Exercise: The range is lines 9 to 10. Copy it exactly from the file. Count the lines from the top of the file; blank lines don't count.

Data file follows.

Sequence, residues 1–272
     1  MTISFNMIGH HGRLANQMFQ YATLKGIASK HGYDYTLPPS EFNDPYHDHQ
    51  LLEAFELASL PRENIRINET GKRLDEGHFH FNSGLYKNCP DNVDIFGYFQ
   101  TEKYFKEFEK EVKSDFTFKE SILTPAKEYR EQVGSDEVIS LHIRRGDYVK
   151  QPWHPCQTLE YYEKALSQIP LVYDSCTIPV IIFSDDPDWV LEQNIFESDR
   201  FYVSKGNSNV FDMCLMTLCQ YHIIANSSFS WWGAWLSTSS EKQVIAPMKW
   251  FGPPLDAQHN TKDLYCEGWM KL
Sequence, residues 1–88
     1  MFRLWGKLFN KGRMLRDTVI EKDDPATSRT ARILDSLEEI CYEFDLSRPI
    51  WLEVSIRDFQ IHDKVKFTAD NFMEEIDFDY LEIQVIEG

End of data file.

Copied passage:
     1  MFRLWGKLFN KGRMLRDTVI EKDDPATSRT ARILDSLEEI CYEFDLSRPI
    51  WLEVSIRDFQ IHDKVKFTAD NFMEEIDFDY LEIQVIEG